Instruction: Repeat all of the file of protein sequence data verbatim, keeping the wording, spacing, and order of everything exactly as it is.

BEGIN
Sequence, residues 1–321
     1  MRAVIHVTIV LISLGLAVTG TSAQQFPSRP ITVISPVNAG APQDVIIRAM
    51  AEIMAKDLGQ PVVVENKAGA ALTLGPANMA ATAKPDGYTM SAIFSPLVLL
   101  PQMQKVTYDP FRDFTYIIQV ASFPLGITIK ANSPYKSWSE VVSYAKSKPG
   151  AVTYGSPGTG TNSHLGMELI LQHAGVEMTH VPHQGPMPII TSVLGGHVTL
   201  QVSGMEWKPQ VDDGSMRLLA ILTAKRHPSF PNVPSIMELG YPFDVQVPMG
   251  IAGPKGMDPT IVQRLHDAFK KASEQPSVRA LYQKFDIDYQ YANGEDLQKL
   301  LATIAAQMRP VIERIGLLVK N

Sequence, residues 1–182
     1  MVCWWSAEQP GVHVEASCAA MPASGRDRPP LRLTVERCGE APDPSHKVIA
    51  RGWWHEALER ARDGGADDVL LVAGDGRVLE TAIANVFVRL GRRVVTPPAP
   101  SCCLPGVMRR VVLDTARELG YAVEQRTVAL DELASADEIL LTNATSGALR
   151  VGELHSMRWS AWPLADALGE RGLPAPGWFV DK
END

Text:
Sequence, residues 1–321
     1  MRAVIHVTIV LISLGLAVTG TSAQQFPSRP ITVISPVNAG APQDVIIRAM
    51  AEIMAKDLGQ PVVVENKAGA ALTLGPANMA ATAKPDGYTM SAIFSPLVLL
   101  PQMQKVTYDP FRDFTYIIQV ASFPLGITIK ANSPYKSWSE VVSYAKSKPG
   151  AVTYGSPGTG TNSHLGMELI LQHAGVEMTH VPHQGPMPII TSVLGGHVTL
   201  QVSGMEWKPQ VDDGSMRLLA ILTAKRHPSF PNVPSIMELG YPFDVQVPMG
   251  IAGPKGMDPT IVQRLHDAFK KASEQPSVRA LYQKFDIDYQ YANGEDLQKL
   301  LATIAAQMRP VIERIGLLVK N

Sequence, residues 1–182
     1  MVCWWSAEQP GVHVEASCAA MPASGRDRPP LRLTVERCGE APDPSHKVIA
    51  RGWWHEALER ARDGGADDVL LVAGDGRVLE TAIANVFVRL GRRVVTPPAP
   101  SCCLPGVMRR VVLDTARELG YAVEQRTVAL DELASADEIL LTNATSGALR
   151  VGELHSMRWS AWPLADALGE RGLPAPGWFV DK